In adults the development of modern equipment for ambulatory monitoring permits long-term evaluation of the lower urinary tract which is more accurate than standard urodynamics (SUD). In children continuous urodynamic monitoring (CUM) has been used infrequently and therefore standardisation of the method has not been previously achieved, nor have the techniques and difficulties of performing 24-hour monitoring been solved. The aim of this study was to identify a technical method of CUM in children which was feasible and to verify its usefulness. For this purpose, we reviewed our preliminary experiences of CUM in children with neuropathic bladder. From March to November 1995 we made an outpatient study of the neuropathic bladders of 11 myelodysplastic children aged 1 to 18 years (average age 10.2 years). 7 of them were males and 4 females. All underwent SUD. With the children resting in bed, a 6-hour CUM (Lectromed MPR-2) was performed using a 4 Fr. microtip intravesical catheter (suprapubic in 3 infants and transurethral in 8 children) and an intrarectal catheter. The parents and/or a nurse monitored the fluid intake and micturition events and recorded the data in a diary. Based on the CUM experience in infants with non-neurogenic bladder dysfunction, the 3 suprapubic studies were done after 12 hours of urethral drainage in order to prevent leakage of urine. In all of the patients we were able to study 2 to 4 bladder fillings during a period of 6 to 8 hours (average 6.5 hours) observation. In 9 of the 11 children the CUM pattern was comparable to the SUD one but in the 2 remaining patients CUM showed uninhibited contractions. Higher uninhibited voiding contraction pressures were recorded in hyper-reflexic bladders. Our preliminary results show that it is feasible to perform CUM in children and that it has advantages over standard cytometry in the investigation of children with neuropathic bladder even if it is carried out for short term (6 hours).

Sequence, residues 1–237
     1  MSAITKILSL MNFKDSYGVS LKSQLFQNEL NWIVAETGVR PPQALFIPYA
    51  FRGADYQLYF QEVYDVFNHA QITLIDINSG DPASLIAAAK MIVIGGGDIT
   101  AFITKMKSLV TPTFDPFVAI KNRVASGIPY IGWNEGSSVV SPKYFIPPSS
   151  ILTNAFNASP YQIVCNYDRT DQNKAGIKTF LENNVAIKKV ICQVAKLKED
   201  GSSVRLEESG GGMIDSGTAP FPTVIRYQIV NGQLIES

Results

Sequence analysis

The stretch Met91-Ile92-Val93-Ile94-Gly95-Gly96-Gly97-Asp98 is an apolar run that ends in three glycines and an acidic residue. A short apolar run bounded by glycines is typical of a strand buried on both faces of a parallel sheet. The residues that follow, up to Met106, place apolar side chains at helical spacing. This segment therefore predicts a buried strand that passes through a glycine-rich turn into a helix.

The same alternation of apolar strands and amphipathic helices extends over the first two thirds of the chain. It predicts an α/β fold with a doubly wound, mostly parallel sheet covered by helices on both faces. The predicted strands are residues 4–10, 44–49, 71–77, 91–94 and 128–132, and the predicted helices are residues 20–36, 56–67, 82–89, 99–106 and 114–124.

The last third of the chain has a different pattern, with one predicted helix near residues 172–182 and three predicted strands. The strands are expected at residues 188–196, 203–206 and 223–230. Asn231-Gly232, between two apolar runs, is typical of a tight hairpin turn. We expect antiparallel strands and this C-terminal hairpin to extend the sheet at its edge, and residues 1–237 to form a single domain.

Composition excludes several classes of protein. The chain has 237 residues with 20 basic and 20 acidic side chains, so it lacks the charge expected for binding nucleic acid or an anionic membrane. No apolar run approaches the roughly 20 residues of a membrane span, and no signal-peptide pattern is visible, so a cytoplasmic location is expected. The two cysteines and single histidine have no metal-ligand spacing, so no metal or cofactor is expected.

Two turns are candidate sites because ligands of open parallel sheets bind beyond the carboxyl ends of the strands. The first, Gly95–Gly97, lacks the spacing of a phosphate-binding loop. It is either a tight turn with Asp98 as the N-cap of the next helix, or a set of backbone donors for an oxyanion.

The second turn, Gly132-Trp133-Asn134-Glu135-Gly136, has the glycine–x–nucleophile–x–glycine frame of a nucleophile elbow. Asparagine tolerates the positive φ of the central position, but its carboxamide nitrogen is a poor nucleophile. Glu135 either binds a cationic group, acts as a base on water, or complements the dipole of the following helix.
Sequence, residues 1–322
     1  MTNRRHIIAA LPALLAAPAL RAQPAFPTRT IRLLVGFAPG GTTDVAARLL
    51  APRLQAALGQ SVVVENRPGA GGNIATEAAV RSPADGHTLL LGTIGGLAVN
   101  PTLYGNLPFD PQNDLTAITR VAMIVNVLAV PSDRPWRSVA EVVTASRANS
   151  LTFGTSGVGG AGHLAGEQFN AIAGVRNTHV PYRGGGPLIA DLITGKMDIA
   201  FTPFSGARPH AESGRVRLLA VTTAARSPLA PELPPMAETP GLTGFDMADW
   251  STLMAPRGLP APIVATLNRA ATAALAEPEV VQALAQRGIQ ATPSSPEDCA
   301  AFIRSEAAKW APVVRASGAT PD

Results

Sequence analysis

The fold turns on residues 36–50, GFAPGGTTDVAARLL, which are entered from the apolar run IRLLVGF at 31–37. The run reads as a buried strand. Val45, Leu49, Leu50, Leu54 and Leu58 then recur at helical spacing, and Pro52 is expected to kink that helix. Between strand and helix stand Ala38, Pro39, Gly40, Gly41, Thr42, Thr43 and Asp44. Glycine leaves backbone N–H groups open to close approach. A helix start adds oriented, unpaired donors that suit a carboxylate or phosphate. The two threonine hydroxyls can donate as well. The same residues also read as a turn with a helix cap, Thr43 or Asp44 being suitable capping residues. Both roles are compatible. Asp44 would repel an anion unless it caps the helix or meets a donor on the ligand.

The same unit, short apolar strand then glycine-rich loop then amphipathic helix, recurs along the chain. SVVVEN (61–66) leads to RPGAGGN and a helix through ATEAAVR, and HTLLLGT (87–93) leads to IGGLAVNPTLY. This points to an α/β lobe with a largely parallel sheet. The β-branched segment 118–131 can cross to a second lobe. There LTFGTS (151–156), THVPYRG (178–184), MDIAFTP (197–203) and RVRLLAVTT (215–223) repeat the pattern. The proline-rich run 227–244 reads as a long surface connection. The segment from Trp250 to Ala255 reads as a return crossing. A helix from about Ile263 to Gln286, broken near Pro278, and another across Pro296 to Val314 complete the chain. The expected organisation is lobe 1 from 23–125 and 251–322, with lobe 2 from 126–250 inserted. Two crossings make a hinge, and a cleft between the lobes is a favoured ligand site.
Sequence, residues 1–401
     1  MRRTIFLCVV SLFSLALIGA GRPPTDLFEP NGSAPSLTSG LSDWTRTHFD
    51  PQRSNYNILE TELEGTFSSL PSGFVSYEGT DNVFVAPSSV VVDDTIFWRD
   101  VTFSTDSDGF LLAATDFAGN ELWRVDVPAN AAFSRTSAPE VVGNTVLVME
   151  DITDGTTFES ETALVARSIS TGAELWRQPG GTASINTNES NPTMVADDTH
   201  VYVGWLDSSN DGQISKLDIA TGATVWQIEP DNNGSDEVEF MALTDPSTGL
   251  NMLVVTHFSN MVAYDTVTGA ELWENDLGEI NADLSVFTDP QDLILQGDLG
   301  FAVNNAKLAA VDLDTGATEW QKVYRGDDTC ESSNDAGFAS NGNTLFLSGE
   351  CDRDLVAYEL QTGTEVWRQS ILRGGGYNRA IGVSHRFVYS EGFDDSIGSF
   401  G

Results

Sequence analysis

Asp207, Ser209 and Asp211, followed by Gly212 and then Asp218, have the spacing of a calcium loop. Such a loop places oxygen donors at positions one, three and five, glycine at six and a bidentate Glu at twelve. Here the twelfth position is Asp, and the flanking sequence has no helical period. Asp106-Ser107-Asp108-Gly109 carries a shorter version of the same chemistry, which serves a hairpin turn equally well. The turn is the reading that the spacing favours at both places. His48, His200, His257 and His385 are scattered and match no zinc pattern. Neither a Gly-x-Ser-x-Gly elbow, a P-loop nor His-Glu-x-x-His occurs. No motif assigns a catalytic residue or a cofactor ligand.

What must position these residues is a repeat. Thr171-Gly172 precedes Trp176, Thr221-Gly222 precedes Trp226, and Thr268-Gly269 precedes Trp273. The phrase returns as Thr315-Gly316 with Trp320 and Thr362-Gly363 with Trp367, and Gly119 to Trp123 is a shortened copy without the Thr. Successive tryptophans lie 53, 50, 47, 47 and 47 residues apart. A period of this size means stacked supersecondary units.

|Number of pages||4|
|Journal||European Journal of Pediatric Surgery, Supplement|
|Publication status||Published - 1996|
- neuropathic bladder
- urinary incontinence
ASJC Scopus subject areas
- Pediatrics, Perinatology, and Child Health